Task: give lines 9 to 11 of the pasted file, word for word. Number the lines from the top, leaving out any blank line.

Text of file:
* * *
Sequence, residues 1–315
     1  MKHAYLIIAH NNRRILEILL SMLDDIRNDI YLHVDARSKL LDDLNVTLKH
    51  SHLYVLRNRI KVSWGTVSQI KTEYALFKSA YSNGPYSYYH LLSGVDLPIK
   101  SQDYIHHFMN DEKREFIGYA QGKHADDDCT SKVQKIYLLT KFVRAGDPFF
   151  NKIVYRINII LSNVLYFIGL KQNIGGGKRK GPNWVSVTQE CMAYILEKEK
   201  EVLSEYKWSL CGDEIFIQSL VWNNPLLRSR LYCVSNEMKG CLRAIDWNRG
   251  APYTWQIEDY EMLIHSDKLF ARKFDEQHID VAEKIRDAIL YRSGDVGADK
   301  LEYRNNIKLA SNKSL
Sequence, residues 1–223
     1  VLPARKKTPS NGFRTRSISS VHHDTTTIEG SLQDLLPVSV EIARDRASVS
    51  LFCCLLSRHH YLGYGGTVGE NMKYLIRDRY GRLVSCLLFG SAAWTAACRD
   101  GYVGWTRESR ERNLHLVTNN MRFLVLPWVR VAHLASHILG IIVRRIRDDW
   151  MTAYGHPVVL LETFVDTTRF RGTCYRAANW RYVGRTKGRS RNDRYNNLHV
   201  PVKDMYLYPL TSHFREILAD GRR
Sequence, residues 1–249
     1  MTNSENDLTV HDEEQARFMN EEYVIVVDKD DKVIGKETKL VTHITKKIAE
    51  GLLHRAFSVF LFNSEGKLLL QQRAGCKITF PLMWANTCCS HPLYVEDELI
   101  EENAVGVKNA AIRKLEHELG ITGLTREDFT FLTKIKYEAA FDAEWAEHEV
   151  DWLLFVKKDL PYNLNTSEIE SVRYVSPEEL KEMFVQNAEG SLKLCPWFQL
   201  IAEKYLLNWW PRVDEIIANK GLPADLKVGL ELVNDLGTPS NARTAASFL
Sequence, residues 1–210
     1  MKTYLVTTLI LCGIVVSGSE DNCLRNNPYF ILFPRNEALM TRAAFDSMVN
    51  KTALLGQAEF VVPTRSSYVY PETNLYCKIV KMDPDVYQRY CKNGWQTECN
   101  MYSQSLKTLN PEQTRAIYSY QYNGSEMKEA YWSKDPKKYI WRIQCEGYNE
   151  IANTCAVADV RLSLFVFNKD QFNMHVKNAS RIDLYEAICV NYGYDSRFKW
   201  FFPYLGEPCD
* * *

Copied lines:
Sequence, residues 1–223
     1  VLPARKKTPS NGFRTRSISS VHHDTTTIEG SLQDLLPVSV EIARDRASVS
    51  LFCCLLSRHH YLGYGGTVGE NMKYLIRDRY GRLVSCLLFG SAAWTAACRD